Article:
Governor of the Commonwealth of Massachusetts: 1990-1997
William Weld was credited with improving the business climate in Massachusetts by reducing taxes and state regulations on business. He forged cooperative relationships with Democratic leadership in the legislature, resulting in greater fiscal stability, reduced taxation, and substantive education reform.
A lawyer by training, Weld's wide-ranging intellect drew him to the study of languages, classics, chess, and sports. He earned his bachelor's degree, summa cum laude, from Harvard College in 1966. He received a diploma in international economics from Oxford University, with distinction, in 1967. In 1970, he received his law degree, cum laude, from Harvard Law School. He left private legal practice in 1973, to serve as Assistant Minority council to the House Judiciary Committee as it considered impeachment proceedings against President Nixon. Mr. Weld reentered private practice until President Reagan appointed him United States Attorney for Massachusetts (1981-1986). Mr. Weld went on to serve as Assistant U.S. Attorney General in charge of the Criminal Division of the United States Department of Justice.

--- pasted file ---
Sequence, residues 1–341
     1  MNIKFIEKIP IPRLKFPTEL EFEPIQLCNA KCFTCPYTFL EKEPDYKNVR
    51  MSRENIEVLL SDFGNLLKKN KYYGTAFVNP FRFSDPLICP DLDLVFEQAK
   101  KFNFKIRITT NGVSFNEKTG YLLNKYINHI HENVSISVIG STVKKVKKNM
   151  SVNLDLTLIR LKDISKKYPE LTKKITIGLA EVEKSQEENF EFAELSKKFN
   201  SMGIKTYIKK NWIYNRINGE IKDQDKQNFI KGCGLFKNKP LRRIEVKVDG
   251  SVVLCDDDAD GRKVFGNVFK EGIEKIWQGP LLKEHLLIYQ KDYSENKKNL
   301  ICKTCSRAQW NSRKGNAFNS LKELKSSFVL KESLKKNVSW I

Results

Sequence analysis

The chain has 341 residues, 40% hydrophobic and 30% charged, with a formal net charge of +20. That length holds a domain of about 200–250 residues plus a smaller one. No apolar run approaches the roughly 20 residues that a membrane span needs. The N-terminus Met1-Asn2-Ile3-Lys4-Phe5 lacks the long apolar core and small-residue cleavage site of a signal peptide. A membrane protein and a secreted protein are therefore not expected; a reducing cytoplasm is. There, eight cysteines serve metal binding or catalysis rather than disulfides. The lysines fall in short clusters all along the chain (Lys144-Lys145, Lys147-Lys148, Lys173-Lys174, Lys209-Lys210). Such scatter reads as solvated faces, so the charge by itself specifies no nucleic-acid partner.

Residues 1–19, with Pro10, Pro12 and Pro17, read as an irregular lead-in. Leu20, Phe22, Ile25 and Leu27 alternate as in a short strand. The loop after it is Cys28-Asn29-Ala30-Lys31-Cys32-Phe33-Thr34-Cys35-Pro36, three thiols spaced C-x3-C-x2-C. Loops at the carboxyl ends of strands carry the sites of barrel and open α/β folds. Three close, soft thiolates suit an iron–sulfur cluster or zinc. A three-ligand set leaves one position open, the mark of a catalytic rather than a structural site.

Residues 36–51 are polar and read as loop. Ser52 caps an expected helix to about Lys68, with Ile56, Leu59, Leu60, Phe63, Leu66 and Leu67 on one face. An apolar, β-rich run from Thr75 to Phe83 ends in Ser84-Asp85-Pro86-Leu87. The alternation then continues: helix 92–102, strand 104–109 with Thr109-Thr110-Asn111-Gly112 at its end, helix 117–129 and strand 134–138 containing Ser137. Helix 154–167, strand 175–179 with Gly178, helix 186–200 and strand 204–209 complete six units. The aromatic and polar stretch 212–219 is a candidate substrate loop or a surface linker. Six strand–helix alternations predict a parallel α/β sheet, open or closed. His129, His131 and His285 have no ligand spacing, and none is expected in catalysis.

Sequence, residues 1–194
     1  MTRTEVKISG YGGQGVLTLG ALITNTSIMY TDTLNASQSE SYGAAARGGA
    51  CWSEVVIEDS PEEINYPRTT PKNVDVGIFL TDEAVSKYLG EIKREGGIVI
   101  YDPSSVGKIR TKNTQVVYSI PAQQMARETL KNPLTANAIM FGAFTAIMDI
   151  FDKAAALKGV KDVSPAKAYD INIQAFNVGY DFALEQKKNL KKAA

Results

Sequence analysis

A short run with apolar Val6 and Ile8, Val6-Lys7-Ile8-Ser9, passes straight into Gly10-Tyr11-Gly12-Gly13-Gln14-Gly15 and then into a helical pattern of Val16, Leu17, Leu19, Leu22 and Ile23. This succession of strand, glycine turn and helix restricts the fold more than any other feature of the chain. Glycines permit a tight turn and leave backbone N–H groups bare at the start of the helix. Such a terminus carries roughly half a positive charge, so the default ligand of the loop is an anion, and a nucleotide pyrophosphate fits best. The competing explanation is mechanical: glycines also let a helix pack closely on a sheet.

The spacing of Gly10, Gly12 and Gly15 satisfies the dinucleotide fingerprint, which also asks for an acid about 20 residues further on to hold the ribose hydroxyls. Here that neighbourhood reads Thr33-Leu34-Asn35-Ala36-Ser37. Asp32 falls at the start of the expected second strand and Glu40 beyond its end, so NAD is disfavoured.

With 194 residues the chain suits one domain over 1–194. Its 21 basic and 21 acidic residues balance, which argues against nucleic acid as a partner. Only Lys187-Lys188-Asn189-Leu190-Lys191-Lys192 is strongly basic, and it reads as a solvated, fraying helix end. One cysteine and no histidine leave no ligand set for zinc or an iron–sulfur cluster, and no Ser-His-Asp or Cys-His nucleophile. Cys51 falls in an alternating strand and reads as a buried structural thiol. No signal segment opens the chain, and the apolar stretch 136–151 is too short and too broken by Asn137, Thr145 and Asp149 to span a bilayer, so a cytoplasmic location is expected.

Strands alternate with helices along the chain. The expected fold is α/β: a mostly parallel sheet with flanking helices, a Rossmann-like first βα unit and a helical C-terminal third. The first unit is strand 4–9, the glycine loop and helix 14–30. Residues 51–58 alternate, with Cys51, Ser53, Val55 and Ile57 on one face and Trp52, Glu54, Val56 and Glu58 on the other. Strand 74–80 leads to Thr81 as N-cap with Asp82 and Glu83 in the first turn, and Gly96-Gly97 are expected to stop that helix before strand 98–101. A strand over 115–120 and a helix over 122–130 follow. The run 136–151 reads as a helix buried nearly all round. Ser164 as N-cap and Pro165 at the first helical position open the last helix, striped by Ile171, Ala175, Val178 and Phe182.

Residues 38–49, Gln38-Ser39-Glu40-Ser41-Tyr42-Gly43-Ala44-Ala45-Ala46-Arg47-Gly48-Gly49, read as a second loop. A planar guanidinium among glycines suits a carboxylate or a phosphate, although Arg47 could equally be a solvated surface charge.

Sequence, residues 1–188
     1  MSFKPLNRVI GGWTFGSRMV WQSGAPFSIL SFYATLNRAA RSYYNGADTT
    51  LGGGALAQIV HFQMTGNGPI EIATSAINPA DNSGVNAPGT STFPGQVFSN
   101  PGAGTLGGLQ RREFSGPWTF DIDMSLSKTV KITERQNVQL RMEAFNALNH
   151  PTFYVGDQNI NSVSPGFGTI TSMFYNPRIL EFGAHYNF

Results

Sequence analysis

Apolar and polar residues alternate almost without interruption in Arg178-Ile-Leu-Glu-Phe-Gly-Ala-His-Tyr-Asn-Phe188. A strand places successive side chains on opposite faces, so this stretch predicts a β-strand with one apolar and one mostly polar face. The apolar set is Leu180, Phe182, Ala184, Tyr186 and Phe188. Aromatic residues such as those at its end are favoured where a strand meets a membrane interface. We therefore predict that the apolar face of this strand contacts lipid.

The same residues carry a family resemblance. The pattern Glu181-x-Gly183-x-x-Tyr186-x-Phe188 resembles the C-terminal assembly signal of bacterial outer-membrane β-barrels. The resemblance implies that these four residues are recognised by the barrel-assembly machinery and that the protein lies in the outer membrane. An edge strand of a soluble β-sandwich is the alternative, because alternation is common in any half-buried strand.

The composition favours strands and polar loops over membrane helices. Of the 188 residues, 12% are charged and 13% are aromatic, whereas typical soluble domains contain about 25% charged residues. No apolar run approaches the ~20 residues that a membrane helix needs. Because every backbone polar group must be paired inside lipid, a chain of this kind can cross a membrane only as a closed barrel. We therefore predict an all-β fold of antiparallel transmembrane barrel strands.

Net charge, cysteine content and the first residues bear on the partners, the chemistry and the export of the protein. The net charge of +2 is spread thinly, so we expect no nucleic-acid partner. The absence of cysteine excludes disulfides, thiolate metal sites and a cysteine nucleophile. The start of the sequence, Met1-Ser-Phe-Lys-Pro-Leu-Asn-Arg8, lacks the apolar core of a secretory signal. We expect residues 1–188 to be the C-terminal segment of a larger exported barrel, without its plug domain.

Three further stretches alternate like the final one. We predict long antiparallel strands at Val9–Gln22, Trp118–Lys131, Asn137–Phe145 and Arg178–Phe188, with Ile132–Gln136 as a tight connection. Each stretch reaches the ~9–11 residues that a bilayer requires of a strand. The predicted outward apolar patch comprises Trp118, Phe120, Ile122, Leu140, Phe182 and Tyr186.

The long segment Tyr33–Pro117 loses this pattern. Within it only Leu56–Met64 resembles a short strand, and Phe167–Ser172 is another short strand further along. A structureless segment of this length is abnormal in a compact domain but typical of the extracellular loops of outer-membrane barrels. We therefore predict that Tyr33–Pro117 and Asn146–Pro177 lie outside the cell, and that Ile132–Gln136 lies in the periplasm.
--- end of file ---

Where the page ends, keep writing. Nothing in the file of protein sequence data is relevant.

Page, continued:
Governor Weld, a Republican, won reelection to a second term of office with a margin in the popular vote exceeding seventy percent. He resigned the Governorship after being appointed Ambassador to Mexico by President Clinton, however he never served. Senate Foreign Relations Committee Chairman Jesse Helms successfully blocked the nomination by refusing to hold hearings to discuss it. Mr. Weld returned to private legal practice and published several of political novels.